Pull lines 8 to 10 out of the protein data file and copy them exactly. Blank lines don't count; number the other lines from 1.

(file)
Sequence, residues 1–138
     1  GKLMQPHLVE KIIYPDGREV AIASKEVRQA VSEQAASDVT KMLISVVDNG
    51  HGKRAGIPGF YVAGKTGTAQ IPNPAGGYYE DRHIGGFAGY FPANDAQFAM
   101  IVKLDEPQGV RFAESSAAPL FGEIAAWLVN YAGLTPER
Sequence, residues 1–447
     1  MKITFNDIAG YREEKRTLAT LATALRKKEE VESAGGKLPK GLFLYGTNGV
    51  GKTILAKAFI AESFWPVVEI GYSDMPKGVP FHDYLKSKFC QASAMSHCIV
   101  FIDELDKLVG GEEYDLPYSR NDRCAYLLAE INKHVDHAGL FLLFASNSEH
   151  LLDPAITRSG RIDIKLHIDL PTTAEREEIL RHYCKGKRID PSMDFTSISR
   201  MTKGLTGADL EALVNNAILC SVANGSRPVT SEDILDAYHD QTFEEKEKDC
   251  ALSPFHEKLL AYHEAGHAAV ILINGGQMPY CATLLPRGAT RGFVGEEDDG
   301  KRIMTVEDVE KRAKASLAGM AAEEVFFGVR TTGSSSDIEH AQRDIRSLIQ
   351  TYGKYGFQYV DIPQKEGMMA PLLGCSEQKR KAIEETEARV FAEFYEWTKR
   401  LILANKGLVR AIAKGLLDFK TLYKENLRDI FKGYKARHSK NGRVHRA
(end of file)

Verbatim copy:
   101  FIDELDKLVG GEEYDLPYSR NDRCAYLLAE INKHVDHAGL FLLFASNSEH
   151  LLDPAITRSG RIDIKLHIDL PTTAEREEIL RHYCKGKRID PSMDFTSISR
   201  MTKGLTGADL EALVNNAILC SVANGSRPVT SEDILDAYHD QTFEEKEKDC